IoT and The Circular Economy
Over the last few decades, the climate crisis has been one of the biggest and most dangerous problems of the world. It is a universal problem since it affects every country and every single individual, including the ones who do not have access to any resources.
Today, according to the pwc’s “The road to circularity” report, the global economy uses the equivalent of 1.7 planets to produce global output and absorb waste. In a business-as-usual scenario, the global ecological footprint is projected to exceed what nature can regenerate by 75 percent by 2020.
When it comes to becoming green, companies and individuals take different paths. For the companies, one of the most effective ways of this purpose is to have an operation model which is adapted to a circular economy. According to the European Parliament, the circular economy “is a model of production and consumption, which involves sharing, leasing, reusing, repairing, refurbishing and recycling existing materials and products as long as possible. In this way, the life cycle of products is extended.”
The circular economy requires collecting information about demand and resource, and the balance between the two must be optimized. For this optimization, circular economy and “Internet of Things” (IOT) needs to be combined. IOT is the description of the network of physical objects that are embedded with sensors, software, and other technologies for the purpose of connecting and exchanging data with other devices and systems over the internet.
So, how can IOT be helpful for this cause? It permits operators to analyze performance and the control of it, and to collect the usable data for more productivity. It can also provide the base for sharing platforms or products as a service model. In another word, IOT helps your business keep products in use in a way that makes money plus enhances the customer experience and it has played an important role in the circular economy.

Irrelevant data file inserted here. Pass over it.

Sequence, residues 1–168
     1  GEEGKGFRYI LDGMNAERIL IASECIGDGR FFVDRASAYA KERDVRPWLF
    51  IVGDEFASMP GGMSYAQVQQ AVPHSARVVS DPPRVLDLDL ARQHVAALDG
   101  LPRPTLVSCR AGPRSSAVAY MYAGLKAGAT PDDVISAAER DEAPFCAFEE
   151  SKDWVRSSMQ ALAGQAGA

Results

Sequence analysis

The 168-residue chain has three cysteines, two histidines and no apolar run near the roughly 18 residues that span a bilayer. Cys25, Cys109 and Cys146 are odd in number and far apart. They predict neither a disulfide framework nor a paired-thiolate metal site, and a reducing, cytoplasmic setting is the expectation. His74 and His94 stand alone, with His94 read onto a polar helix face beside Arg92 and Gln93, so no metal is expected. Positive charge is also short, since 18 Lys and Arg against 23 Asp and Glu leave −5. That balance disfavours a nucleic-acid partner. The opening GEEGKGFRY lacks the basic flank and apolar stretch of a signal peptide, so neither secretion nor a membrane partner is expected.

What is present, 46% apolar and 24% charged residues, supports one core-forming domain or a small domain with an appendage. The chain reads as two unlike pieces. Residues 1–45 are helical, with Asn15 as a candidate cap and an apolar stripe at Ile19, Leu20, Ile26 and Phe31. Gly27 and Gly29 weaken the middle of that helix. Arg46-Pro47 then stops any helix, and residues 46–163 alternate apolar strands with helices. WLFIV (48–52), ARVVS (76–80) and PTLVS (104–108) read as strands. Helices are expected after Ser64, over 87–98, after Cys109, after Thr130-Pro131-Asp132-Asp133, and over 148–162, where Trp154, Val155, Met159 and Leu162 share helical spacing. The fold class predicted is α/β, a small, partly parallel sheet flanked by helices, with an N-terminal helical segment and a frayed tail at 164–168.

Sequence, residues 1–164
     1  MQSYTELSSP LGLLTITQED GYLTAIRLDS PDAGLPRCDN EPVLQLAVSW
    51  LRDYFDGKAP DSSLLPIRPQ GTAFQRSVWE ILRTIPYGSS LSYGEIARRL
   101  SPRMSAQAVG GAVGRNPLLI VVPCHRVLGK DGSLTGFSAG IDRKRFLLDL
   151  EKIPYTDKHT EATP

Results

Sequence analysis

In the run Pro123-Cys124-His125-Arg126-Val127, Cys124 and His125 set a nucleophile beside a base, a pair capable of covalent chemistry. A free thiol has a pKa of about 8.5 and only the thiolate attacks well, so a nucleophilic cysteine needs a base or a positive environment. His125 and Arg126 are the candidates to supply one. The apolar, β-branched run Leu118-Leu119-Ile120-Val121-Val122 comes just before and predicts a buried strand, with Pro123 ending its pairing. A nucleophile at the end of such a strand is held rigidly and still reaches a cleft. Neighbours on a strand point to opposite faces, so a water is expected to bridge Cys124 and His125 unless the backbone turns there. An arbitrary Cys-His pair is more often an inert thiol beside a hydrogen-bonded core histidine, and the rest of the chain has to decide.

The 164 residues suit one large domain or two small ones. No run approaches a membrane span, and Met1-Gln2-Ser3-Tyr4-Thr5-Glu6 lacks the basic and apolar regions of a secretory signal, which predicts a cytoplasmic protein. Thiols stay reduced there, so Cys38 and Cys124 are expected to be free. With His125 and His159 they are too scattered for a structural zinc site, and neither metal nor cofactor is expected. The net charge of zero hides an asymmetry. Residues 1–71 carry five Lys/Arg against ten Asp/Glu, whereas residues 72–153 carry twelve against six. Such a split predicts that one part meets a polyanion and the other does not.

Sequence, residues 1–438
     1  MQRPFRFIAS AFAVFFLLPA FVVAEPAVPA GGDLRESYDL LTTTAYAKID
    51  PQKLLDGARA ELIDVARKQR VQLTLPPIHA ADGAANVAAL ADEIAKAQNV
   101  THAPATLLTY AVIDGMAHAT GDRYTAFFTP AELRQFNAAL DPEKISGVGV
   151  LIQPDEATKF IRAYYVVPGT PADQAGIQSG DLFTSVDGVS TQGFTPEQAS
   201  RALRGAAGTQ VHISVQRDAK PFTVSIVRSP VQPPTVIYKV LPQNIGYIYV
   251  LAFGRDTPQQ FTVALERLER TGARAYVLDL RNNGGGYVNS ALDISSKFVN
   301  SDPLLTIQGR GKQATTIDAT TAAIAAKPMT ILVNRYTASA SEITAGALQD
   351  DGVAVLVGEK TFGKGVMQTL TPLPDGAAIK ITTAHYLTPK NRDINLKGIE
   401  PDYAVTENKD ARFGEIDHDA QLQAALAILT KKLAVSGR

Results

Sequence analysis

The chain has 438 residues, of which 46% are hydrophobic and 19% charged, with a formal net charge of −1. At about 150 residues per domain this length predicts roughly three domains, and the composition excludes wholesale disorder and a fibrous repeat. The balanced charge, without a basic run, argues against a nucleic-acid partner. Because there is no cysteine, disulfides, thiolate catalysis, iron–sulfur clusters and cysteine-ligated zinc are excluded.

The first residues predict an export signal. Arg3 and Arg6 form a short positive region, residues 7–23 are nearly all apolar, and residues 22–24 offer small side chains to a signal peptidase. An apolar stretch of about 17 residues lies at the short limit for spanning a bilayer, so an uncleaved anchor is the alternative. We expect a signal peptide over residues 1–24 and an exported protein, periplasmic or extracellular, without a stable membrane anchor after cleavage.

As an example, Renault lets its customers lease the battery and pay a monthly fee based on their usage for its electric cars instead of selling them with batteries. The sensors send data about the status of the battery to its manufacturer. When the battery is no longer usable, it is used for recycling and not discarded as waste.
When we look at another example, Bosch has a project called “Papillon” which is about designing all stages of the production cycle for reuse. Like Renault, Bosch has opted for a leasing business model which causes some controversies between its consumers.
As Trilleco, our purpose is to enable increased efficiency, simplicity and sustainability in companies through our NoCode IIoT platform solution, supporting thoughtful use of resources, optimizing capacity utilization and offering outcome-based solutions. We are a multinational company, delivering applications as asset tracking, smart city, energy management, process optimization, and preventive/predictive maintenance functionalities and carbon management.
The Sustainable Development Goals and the Paris Agreement have set the targets we must reach to protect the earth and our growing global population. We focus on the power of a circular economy which transforms society and the industry to be more productive and sustainable than ever before.
Trilleco was launched in 2020 to accelerate these urgent transformations. Team and Advisors include an eclectic mix of investment managers, investment bankers, and senior leaders from the IIoT and AI space from companies such as IBM, Hitachi, Accenture, SAP, Qualcomm, Huawei, Salesforce.
In conclusion, the climate crisis and the actions that trigger it are global threats and concern every industry since the danger continues to increase. In today's world order, where the balances change rapidly, the issue must have been taken seriously by more sectors. For that, adapting operational models compatible with the circular economy can create a huge impact in the right way, and IOT is the key for it.